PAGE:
World of Warcraft: Dragonflight will feature body types for player characters instead of gender, along with voice and pronoun selection.
The upcoming expansion launches in 2022, with the Alpha Test having begun earlier this month. While raising the level cap to 70, adjusting the UI and talent trees, adding the new Dracthyr race and their exclusive Evoker class, and raising a dragon that they can fly, it may be a far smaller change that some players have noticed.
As reported by WoW Head, recent updates and further datamining efforts discovered Blizzard Entertainment may intend to add several “inclusive” options.
For starters, the gender selection now has “Body 1” and “Body 2” rather than the traditional Male or Female. This is a trend in some recent games, such as Animal Crossing: New Horizons, possibly integrated to avoid offending those of non-binary genders. Despite this, the physiques are usually unequivocally male or female; one of which typically shown fully topless.
The option has been shown operating in-game thanks to WoW Head’s screenshots, being available on the character creation screen and in the barber shop, where players can customize their race and gender.
This may go further, at least according to datamining the alpha, as code allowing players to choose their pronouns is also found in the game. These include he/him, she/her, or they/them, along with choosing their voice; a departure from previous updates that only allowed players to select one voice per either race or gender.
WoW Head do note that, along with the character creator UI having no assets for pronoun choice, most dialogue refrains from using any pronoun when addressing the player. Despite those strings of data being removed from the then-latest alpha build, WoW Head suggests they will be included in the future.
Game Director Ion Hazzikostas reportedly stated in an interview that players will be able to choose their voice in the future. As such, it seems likely with the addition of Body 1/2, and players being able to choose either male or female voices, the inclusion of pronouns is almost certainly on the menu.
Blizzard Entertainment has been desperate to clean up their image in the eyes of the public and these inclusive efforts may be the developer’s attempt at that.
In July 2021, The California Department of Fair Employment and Housing (DFEH) filed a sexual harassment lawsuit against Activision Blizzard; also accusing them of sexual discrimination, and a “frat boy workplace culture.”
One of the most damning claims included “a female employee committed suicide during a business trip with a male supervisor who had brought butt plugs and lubricant with him on the trip.”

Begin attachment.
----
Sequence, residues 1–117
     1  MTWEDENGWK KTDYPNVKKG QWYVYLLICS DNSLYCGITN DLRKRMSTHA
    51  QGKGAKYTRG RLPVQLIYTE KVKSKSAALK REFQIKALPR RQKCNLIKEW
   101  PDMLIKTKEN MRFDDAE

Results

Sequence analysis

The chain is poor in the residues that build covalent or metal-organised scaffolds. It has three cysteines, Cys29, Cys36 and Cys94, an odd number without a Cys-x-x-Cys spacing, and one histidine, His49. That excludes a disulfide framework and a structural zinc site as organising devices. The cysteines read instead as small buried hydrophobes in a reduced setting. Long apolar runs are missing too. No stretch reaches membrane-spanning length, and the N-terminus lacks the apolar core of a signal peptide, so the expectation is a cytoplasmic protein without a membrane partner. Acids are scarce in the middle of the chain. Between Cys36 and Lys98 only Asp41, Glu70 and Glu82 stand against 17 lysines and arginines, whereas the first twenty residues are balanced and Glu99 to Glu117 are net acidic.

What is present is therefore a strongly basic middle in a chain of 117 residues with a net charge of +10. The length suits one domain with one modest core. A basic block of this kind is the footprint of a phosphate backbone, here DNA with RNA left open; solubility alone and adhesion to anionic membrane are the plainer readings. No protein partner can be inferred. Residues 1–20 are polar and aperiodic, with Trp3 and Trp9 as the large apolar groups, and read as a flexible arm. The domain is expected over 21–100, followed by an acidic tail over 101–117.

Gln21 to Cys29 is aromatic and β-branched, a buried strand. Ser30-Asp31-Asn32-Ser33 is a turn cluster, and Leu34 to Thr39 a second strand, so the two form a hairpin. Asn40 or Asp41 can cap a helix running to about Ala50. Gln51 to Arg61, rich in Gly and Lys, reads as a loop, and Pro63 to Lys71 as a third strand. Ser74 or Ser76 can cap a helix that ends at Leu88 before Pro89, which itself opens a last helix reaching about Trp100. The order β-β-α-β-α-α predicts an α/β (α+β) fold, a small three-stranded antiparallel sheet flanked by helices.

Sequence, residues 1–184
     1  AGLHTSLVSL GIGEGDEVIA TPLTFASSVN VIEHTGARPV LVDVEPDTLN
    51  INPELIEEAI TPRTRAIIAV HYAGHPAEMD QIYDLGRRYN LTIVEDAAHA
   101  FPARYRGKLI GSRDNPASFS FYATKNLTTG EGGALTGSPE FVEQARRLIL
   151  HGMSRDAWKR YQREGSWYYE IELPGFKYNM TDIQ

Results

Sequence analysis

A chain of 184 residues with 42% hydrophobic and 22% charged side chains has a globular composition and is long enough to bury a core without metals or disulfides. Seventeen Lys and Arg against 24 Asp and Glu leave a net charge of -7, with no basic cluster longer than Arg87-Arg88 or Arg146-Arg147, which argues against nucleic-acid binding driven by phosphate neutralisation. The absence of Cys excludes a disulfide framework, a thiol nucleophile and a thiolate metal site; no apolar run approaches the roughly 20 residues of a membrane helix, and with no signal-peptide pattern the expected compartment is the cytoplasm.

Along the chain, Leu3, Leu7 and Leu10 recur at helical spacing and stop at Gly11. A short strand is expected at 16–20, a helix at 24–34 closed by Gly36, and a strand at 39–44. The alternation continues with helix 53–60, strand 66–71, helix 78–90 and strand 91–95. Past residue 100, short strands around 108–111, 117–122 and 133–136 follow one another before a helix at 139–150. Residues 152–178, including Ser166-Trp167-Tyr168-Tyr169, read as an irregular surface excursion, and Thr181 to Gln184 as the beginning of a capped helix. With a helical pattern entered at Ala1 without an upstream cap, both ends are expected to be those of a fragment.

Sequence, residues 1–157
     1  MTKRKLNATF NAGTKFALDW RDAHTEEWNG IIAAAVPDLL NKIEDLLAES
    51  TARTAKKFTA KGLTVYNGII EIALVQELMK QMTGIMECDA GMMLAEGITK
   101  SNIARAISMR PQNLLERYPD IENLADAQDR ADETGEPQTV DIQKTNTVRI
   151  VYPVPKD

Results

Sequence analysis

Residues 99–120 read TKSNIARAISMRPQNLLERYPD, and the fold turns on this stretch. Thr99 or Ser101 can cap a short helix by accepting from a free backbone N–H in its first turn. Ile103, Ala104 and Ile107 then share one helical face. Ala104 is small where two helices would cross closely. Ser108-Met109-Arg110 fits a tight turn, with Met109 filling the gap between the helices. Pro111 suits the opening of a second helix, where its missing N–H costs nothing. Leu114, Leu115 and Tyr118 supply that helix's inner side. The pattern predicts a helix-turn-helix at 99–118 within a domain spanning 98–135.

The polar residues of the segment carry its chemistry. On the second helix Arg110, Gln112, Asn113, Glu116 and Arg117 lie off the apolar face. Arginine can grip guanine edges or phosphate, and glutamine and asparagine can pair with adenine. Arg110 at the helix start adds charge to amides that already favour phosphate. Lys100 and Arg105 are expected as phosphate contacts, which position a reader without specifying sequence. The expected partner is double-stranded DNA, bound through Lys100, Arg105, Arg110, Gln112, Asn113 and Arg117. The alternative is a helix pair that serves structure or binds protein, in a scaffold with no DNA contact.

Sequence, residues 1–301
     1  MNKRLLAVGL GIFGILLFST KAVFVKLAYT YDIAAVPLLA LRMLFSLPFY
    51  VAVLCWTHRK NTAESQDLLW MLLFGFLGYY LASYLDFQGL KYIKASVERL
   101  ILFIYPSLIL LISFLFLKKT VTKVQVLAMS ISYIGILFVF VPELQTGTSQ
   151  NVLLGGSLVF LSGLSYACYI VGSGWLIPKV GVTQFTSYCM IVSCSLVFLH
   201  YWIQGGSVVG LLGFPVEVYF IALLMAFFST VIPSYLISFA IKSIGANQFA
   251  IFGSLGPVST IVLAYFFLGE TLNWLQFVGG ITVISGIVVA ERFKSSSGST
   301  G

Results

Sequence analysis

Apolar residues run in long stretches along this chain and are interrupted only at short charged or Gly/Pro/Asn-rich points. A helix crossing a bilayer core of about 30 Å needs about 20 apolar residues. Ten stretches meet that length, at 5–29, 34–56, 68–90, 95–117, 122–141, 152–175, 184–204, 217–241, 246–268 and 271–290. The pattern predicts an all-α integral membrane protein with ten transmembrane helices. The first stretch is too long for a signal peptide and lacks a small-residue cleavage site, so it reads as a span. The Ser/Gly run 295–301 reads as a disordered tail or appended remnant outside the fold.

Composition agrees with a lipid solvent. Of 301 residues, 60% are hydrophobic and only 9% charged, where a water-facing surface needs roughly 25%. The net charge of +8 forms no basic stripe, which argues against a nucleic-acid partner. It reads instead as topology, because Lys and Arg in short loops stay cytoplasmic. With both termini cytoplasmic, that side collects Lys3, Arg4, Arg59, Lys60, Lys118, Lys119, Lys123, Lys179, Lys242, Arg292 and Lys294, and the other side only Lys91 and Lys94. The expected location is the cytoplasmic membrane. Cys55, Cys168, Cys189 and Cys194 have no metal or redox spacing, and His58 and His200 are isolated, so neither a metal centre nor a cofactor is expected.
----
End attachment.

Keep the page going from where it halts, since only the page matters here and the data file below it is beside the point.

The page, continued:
After that we saw staff walkouts, resignations, accusations of document shredding, CEO Bobby Kotick allegedly having prior knowledge of the claims made against employees, and breast milk being stolen out of communal fridges.
Due to the above Activision Blizzard purged not just references to accused developers from Overwatch and World of Warcraft but “sexualized paintings” and certain jokes from the later. This was purportedly over the content being “outdated and inconsistent with our values as a team” and “inconsistent with our goal of building an inclusive and welcoming game world.”
Along with several policy changes and diverse hiring initiatives a new Chief DEI officer [Diversity, Equity, Inclusion] was assigned. Kristen Hines promised to “partner across all [of the company’s] gaming teams to ensure diverse and inclusive perspectives are included in game design, including storylines, character development, gameplay and community interaction.”
While the new body types and pronouns for World of Warcraft may be the first of those efforts, others fell flat on their face. Activision Blizzard proudly revealed their “Diversity Space Tool“, which assigned characters a number metric based on how quantitative their “diversity” was.
The tool was met with total rejection, as reducing a character’s identity to token traits was not just seen as virtue signalling, but it undermined the very inclusivity it was hoping to enshrine. Trying to judge which races or sexualities were more “diverse” than others was sure to be a losing battle from the off.
Soon after, Activsion Blizzard after claimed the tool was “not being used in active development” – despite previously stating that it had been tested by both Call of Duty: Vanguard and Overwatch 2’s respective development teams.
Will World of Warcraft: Dragonflight’s body-types and pronouns suffer the same fate as Blizzard Entertainment’s other inclusive efforts? Let us know what you think on social media and in the comments below.